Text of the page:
How a Skills Matrix can Supercharge Employee Progression

    By Lee Payne, Managed Services Engineering Lead

    Lee Payne

    This article was originally published on the Chartered Management Institute (CMI) website on October 3rd 2023.

    Staff and talent development pipelines are key to the success of modern organisations. Without a robust pipeline and process, companies risk significant competitive disadvantage.

    Organisations that prioritise talent development build a more skilled, motivated, engaged and adaptable workforce – it’s been found that retention rates are 34% higher in organisations that do so. They also deliver better products and services to customers. That’s not to mention how important effective talent development initiatives are for achieving the strategic goals of the organisation.

    This came into rapid focus for us at BJSS when the rapid growth of a new business unit left our junior engineers requiring additional support and advice around their training and progression opportunities.

    Prior to the new business unit being formed, BJSS tended to hire engineers who were already experienced in their field, which required a different way of working than bringing in graduates or early-career individuals and nurturing them through the ranks to become senior engineers.

    It made us realise we needed more formalisation for our employees’ skills and talent development. We wanted to provide resources and opportunities to empower our employees to take ownership of their career trajectories. By developing their self-sufficiency in learning and encouraging them to set goals, they would be able to acquire new skills and take on challenges with confidence.

    This prompted a redesign of our talent development pipeline – and, as we hoped, the new process has elicited additional investment in development from those who have engaged with it.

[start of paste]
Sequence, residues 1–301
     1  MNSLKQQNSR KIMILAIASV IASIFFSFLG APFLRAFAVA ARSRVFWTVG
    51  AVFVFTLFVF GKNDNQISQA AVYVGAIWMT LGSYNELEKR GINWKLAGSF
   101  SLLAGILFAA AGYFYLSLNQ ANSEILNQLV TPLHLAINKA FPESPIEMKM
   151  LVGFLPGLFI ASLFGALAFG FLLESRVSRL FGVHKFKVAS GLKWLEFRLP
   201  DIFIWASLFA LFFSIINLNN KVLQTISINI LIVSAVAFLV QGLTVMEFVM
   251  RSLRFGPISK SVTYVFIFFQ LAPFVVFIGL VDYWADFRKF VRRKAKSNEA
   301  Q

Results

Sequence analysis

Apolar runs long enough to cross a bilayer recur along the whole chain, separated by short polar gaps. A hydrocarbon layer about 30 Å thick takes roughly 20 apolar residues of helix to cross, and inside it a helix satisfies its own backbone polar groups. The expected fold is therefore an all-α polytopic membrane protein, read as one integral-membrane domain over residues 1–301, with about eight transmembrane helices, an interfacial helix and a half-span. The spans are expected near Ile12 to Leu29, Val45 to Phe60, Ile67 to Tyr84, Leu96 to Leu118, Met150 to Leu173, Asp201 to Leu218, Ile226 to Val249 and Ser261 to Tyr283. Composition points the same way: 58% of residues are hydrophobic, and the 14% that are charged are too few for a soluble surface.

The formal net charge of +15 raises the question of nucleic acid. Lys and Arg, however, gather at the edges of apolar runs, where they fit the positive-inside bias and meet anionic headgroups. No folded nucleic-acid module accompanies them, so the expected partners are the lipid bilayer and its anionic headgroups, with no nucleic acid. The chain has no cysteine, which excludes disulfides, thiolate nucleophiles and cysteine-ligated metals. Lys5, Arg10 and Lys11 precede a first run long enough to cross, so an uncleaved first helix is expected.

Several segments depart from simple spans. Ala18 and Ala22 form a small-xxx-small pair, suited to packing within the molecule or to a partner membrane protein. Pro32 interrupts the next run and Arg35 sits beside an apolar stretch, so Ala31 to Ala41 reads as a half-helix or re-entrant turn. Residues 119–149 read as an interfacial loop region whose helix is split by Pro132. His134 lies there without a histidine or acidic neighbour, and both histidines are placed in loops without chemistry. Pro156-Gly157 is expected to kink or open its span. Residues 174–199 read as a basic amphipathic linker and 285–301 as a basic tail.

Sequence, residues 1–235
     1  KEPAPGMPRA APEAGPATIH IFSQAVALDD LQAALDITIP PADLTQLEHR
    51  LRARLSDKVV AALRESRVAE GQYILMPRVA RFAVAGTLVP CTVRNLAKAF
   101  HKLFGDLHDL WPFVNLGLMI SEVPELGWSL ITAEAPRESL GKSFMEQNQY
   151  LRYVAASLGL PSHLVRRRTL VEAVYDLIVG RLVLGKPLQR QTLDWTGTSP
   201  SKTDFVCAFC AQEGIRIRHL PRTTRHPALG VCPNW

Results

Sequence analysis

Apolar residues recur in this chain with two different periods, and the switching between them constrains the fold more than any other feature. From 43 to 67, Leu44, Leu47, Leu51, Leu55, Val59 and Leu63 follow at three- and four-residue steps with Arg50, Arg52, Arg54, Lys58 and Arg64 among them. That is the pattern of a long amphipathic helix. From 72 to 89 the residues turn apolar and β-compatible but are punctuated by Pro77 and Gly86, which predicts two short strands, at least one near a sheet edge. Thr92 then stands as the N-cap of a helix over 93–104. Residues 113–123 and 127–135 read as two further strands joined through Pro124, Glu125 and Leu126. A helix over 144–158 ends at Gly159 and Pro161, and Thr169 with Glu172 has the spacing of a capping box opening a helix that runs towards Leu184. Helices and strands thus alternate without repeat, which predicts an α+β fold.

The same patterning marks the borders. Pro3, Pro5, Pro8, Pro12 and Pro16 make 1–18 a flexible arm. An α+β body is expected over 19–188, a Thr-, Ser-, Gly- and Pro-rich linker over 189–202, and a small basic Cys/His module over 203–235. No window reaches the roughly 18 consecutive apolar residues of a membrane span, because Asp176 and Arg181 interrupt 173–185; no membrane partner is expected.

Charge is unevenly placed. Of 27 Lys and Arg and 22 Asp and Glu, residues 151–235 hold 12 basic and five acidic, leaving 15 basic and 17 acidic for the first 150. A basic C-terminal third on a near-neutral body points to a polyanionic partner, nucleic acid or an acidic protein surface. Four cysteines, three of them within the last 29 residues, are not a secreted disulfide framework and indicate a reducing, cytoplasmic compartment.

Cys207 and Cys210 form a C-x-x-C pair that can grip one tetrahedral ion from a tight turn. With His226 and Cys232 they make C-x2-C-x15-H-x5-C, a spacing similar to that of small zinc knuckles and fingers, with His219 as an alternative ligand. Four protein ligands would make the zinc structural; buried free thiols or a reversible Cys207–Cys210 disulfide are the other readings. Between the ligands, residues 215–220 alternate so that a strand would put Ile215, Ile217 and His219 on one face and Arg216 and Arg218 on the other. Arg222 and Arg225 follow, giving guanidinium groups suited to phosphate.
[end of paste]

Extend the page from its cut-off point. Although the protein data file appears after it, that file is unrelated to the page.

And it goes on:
This is how we did it.

    Grand (re)design

    The ultimate goal was to provide a simple-to-use, robust system to remove ambiguity around employee progression.

    As with any such project, our first step was to identify the current state of existing processes and procedures across the entire organisation, to help identify any required improvements and align any adjustments as closely as possible to them.

    Having consulted CMI Insights and CMI’s ManagementDirect to identify some best-practice approaches (and avoid reinventing the wheel), we ultimately landed on a documented skills matrix as the best strategy, since it helps people to understand the process and identify any areas for improvement. There are many variations of these; we used a simplified version of that from MindTools.

    Where am I now? Where am I going

    First, employees fill out a skills matrix to help determine what their current skill set is. The matrix scores employees’ perception of their skills from 0–10, with 0 being they’ve never heard of it and 10 meaning they know almost everything about the topic.


    Person 1

    Person 2

    Person 3

    Infrastructure as code








    Continual service improvement




    An example skills matrix